A team of researchers led by Jungwoo Lee, an assistant professor in the Chemical Engineering Department and an investigator in the Institute for Applied Life Sciences, has developed an implantable biomaterial that recruits rare tumor cells and enables long-term observation of their micro-environmental evolution, according to highlights in Science Translational Medicine and Nature Biomedical Engineering. The Science Translational Medicine highlight explained that this approach could offer a method for quantitative evaluation of therapeutics that target long-term suppression of metastasis.
The highlight concluded that “Other applications of this technology could include testing of therapeutics that target the mechanisms of immune escape and development of safer immunotherapies.”
The two highlights focused on an article originally published in in the prestigious journal Nature Biomedical Engineering and titled “Implantable pre-metastatic niches for the study of the microenvironmental regulation of disseminated human tumor cells” (or DCTs). The lead author of the Nature Biomedical Engineering article was Lee’s graduate student, Ryan A. Carpenter, and other co-authors were Lee, his undergraduate student Jun-Goo Kwak, and Chemical Engineering Professor Shelly R. Peyton.
As the authors wrote in that Nature Biomedical Engineering paper: “Implantable pre-metastatic niches provide a new opportunity to study DTC activation and evolution to lethal metastasis and could facilitate the development of effective anti-metastatic therapies.”
The Science Translational Medicine highlight also explained some background of this pioneering research. “The rules governing cancer metastasis to distant sites remain enigmatic. Of particular interest is the notion that disseminated tumor DTCs remain largely dormant, but the presence of a nourishing pre-metastatic niche can transform the quiescent circulating tumor cells into active cells.”
As the highlight added: “Importantly, current experimental metastasis models are unable to capture the microenvironment-DTC interactions that are critical to the functioning and therapeutic response of tumors. Now, Carpenter et al. report a humanized, implantable biomaterial-based pre-metastatic niche that recruits circulating tumor cells and provides an opportunity to directly study DTC evolution to lethal metastasis.”
Lee and his research team also related that survivors of cancer often carry DTCs. However, these survivors don’t relapse from treatment owing to DTC dormancy.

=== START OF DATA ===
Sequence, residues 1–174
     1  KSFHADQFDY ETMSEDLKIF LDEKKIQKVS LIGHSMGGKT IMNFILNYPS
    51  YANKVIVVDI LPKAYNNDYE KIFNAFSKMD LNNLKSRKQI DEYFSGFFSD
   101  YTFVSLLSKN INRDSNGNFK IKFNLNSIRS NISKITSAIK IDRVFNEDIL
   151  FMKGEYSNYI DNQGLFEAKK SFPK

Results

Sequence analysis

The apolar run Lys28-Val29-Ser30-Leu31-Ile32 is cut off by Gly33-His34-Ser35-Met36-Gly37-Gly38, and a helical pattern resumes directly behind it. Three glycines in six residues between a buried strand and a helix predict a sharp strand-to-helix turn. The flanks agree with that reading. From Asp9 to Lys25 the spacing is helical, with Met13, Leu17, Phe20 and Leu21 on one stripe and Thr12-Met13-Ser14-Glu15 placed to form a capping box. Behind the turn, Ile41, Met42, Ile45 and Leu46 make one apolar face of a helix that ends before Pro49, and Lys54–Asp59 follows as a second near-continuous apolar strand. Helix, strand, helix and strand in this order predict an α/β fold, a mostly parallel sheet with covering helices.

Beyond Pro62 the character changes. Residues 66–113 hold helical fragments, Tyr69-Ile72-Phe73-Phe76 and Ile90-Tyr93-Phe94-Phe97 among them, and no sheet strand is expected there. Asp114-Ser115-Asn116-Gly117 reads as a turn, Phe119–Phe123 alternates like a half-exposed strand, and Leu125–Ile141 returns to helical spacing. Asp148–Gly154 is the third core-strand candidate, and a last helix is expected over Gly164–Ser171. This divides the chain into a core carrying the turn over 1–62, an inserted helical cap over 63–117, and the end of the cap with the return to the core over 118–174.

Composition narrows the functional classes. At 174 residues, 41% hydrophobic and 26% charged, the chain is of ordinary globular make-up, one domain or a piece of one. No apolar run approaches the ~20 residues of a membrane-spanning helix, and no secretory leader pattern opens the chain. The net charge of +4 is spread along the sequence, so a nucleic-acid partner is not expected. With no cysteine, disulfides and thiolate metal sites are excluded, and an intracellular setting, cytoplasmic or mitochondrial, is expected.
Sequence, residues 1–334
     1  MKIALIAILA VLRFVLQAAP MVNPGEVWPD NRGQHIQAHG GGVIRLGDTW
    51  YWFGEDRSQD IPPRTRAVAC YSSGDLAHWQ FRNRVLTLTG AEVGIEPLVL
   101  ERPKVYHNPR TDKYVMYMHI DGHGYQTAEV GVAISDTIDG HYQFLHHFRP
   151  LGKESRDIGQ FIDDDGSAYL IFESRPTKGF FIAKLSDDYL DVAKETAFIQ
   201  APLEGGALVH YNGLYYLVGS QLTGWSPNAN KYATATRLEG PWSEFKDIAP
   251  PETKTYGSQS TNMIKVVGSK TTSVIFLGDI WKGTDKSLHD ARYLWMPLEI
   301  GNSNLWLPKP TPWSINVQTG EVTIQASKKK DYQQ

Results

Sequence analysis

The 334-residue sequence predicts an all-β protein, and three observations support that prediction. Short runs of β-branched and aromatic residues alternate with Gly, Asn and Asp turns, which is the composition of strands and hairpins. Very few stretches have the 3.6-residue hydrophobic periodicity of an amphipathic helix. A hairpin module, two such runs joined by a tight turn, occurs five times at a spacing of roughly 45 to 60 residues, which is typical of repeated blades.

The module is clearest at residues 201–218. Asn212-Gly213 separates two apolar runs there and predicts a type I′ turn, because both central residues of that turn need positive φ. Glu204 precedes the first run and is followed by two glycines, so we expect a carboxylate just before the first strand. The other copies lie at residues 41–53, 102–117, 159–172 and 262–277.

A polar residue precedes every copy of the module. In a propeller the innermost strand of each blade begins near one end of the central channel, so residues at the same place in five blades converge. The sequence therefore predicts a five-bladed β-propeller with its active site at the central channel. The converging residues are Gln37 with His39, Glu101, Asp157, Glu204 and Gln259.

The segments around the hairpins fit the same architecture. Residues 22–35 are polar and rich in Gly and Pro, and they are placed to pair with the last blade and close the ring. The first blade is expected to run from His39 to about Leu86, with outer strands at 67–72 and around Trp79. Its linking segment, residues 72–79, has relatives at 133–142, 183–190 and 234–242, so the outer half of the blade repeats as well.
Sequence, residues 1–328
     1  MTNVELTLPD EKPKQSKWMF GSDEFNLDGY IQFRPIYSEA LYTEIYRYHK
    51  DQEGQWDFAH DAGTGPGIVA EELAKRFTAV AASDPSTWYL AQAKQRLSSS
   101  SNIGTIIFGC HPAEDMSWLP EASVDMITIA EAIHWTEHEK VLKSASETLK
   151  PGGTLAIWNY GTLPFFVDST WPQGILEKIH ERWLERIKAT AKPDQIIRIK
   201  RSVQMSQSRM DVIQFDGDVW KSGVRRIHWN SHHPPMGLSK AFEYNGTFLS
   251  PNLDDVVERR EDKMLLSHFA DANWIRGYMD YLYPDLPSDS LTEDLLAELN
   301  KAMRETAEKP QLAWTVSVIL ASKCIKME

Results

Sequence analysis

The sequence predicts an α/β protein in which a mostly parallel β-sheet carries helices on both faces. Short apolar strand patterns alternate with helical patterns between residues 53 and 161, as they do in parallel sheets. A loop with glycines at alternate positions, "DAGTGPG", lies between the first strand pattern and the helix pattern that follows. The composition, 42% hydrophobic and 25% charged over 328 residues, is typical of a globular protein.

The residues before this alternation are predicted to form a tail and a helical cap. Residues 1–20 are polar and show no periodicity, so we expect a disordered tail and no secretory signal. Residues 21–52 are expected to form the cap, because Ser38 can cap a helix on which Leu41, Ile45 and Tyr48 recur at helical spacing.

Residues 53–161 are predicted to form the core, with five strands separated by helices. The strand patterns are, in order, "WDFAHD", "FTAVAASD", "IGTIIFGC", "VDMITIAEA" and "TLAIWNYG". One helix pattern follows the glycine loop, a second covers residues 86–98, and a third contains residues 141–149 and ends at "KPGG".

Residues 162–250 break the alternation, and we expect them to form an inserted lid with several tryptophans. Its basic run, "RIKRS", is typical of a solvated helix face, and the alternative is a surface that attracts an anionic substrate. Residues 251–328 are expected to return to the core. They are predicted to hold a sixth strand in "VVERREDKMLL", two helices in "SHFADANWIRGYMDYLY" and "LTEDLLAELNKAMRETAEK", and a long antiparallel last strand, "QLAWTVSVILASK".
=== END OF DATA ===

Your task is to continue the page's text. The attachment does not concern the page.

“Understanding how the local microenvironment regulates the transition of DTCs from a quiescent state to active proliferation could suggest new therapeutic strategies to prevent or delay the formation of metastases,” explained Lee’s research team. “Here, we show that implantable biomaterial microenvironments incorporating human stromal cells, immune cells, and cancer cells can be used to examine the post-dissemination phase of tumor microenvironment evolution.”
Lee and his team went on to explain the lab procedure used. “After subdermal implantation in mice, porous hydrogel scaffolds seeded with human bone marrow stromal cells form a vascularized niche and recruit human circulating tumor cells released from an orthotopic prostate tumor xenograft. Systemic injection of human peripheral blood mononuclear cells slowed the progression of early metastatic niches. However, the rate of overt metastases did not change.”
The Science Translational Medicine highlight expanded on the technology of this procedure. The team used a porous hydrogel scaffold that induced vascularized, pro-inflammatory tissue microenvironments upon implantation. These niches were “humanized” with human bone marrow stromal cell scaffolds and enabled recruitment of tumor cells released from tumor xenografts.
“The implanted scaffold recruited systemically injected human immune cells into the early-stage humanized DTC niches,” the highlight noted. “The engineered scaffolds allowed for long-term monitoring of DTC niche evolution via serial transplantation, as well as demonstrated that human immune cells can suppress DTC growth. The authors used multiplex imaging to characterize the heterogeneity in metastatic niches, revealing that the tumor microenvironment evolves during the progression to an overt tumor, with the mesenchymal transformation of tumor cells and a continual recruitment of immune cells.”
The importance and potential of this work was also detailed in the Nature Biomedical Engineering issue by Dr. David Lyden, a professor at the Weill Cornell Medical College, who first discovered the existence of pre-metastatic niches in 2005.
Dr. Lyden and his colleague Dr. Irina Matei wrote that “Besides better understanding of the factors and forces that control tumor outgrowth verses tumor dormancy at metastatic sites, Lee and colleagues’ humanized pre-metastatic niche should be of immediate interest to researchers who are studying drug-delivery modalities for metastasis prevention in animal models, as it enables a theranostic approach to identify druggable targets to hinder the transition from dormancy to metastasis.”
Moreover, wrote Lyden and Matei, “Because the humanized scaffold can combine the patient’s own tumor, stroma, and immune cells previously conditioned by the primary tumor, the scaffold should be an ideal system for the in vivo testing of responses to immunotherapies.”
Lee, in commenting about his groundbreaking research, also concluded that “The Institute of Applied Life Sciences provides an outstanding research infrastructure and support to independently carry out the cutting-edge interdisciplinary research. We are expecting many more exciting outcomes in the near future by leveraging the given privilege.” (January 2019)